Socialist Republic of Romania (Circa 1984)
Self-propelled Anti-tank Gun – Concept only
Starting in the 1950’s, the Republica Populară Română (English: ‘Romanian People’s Republic’) tried to lessen the mighty Soviet economic and cultural grip as a response to Nikita Khrushchev’s de-Stalinization campaign. After Gheorghe Gheorghiu-Dej, leader of the Romanian People’s Republic from 1947 to 1965, died in 1965, a new more ambitious leader came onto the scene. Nicolae Ceaușescu, leader of the newly renamed Republica Socialistă România (English: ‘Socialist Republic of Romania’), would rule from 1965 until the fall of the Partidul Comunist Român (English: ‘Romanian Communist Party’) in 1989. Early on, Ceaușescu made efforts to distance the nation from the Warsaw Pact. His biggest opportunity to do so came during the 1968 Warsaw Pact invasion of Czechoslovakia, known as Operation Danube, which lasted from August 20 to 21. On August 21, 1968, Ceaușescu gave a speech denouncing the invasion and de facto asserting the independence of the Socialist Republic of Romania from the Soviet Union.
Right side profile drawing of the Tun Antitanc Autopropulsat from the patent.
While still formally in the Warsaw Pact, Romania gained a new level of autonomy due to Ceaușescu’s efforts to distance the country from the Soviet Union. As a result, the nation felt the need to become more militarily independent, produce weaponry within its own borders, and even to seek assistance from the West and China. While complete autonomy was not an easily achievable prospect, especially for a nation such as Romania, they had to occasionally rely on its Warsaw Pact allies for equipment and technology. Nevertheless, the effort was a great one of which lead to the creation of the Tun Antitanc Autopropulsat (TAA) and various other domestically designed Romanian armored vehicles.
One of the earliest mentions of the Socialist Republic of Romania’s quest for developing a self-propelled anti-tank gun was in 1978. The “Command” devised a plan to produce artillery pieces inside Romania’s borders between 1978 and 1990. Among the types of artillery pieces listed was a self-propelled anti-tank gun using the ‘Mașina de Luptă a Infanteriei’ chassis armed with a 100mm anti-tank gun. ‘Mașina de Luptă a Infanteriei’, which also abbreviated as ‘MLI’, is Romanian for ‘Infantry Fighting Vehicle (IFV). It is not known what MLI chassis it is referring to, as the MLI-84 was developed and produced in the early 1980’s and this vehicle supposedly originated circa 1978. It can only be concluded that the MLI and the self-propelled anti-tank gun based on it were separate late 70’s Romanian projects as there had been no IFVs in Romanian service prior to this. The vehicle would have served as a replacement for the aging Soviet designed and manufactured SU-76s in Romanian service. There were 1716 of these pieces destined to be produced and serve in mechanized battalions. However, it appears that the plans fell apart with the reasons being unknown and the vehicle was never built.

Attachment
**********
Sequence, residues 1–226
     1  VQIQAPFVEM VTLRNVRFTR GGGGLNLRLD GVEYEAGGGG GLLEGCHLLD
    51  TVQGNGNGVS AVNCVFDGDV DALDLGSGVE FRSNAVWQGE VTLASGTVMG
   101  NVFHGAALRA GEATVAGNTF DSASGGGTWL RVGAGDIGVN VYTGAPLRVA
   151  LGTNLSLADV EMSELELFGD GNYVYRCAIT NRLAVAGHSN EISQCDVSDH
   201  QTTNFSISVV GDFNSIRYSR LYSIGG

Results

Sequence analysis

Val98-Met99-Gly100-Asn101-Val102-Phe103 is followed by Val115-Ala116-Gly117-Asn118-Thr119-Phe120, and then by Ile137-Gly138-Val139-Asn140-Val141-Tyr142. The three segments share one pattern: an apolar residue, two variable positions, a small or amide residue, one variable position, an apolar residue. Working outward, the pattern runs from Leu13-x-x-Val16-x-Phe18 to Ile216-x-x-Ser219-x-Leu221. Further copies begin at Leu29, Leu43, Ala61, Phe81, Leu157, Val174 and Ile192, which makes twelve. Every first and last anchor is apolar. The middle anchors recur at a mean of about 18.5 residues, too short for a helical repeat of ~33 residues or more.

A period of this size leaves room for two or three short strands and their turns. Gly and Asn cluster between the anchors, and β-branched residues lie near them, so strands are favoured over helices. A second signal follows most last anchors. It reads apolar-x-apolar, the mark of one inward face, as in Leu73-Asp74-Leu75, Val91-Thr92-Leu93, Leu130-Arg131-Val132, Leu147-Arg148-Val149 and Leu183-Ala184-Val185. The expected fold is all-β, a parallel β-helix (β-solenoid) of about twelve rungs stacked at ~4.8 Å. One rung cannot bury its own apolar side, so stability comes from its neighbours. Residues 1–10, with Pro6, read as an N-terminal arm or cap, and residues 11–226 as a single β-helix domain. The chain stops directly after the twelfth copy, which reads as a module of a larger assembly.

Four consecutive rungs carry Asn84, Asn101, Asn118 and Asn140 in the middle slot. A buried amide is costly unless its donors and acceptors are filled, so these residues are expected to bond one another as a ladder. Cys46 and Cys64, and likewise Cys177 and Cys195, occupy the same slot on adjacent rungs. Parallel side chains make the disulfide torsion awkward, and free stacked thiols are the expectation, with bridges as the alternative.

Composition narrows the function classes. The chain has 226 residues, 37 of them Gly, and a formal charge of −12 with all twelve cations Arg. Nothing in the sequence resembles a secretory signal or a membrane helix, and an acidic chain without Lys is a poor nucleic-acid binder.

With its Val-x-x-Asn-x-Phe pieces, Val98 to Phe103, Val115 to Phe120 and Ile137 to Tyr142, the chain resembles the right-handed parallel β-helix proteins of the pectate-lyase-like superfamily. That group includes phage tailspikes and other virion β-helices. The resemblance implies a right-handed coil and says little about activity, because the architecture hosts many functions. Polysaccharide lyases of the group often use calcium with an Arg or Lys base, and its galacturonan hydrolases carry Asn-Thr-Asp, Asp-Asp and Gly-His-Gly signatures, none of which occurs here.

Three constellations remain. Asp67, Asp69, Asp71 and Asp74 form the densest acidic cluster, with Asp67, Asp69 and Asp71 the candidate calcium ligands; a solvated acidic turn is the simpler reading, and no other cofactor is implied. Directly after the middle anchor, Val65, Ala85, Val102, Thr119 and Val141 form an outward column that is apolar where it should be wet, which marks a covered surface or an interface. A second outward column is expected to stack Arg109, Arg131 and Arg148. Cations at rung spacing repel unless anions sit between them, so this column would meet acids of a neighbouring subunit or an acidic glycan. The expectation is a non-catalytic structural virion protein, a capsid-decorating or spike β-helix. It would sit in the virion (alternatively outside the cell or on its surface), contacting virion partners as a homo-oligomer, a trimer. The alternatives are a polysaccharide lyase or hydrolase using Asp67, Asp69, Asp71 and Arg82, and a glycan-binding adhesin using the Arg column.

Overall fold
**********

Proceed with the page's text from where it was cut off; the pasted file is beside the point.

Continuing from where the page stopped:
On the 27th September 1984, Institutul 111 (English: ‘Institute 111’) patented a self-propelled anti-tank gun design referred to as the ‘Tun Antitanc, Autopropulsat’ (English: ‘Self-propelled Anti-tank Gun’). The credited inventors were Buracu Mihail and Darvariu Paul who are presumably apart of Institutul 111.
Buracu Mihail is also credited as one of the inventors of the 2x30mm M1980 towed anti-aircraft gun and its advanced prototype counterpart, the Viforul 2x30mm, the 30mm autocannon itself used on the two designs mentioned earlier, a prototype TAB-77 (licensed modified BTR-70 copy) armed with a single 30mm autocannon from the 2x30mm M1980 towed anti-aircraft gun and two Malyutka anti-tank guided missile (ATGM), 100mm A407 (also known as the M1977) towed anti-tank gun, and the APRA-40 multiple launch rocket system (MLRS).